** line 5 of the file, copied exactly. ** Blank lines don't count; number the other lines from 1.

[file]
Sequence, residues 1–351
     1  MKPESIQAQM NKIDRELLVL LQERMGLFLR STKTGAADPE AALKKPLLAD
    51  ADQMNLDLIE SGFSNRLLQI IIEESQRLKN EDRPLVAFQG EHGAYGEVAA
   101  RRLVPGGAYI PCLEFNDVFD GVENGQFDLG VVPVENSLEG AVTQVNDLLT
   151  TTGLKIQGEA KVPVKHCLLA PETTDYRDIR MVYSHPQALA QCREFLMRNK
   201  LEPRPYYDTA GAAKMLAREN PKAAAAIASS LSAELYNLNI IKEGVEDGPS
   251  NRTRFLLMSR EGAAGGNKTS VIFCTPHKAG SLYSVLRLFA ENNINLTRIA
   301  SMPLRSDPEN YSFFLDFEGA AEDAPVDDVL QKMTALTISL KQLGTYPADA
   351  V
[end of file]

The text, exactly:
   151  TTGLKIQGEA KVPVKHCLLA PETTDYRDIR MVYSHPQALA QCREFLMRNK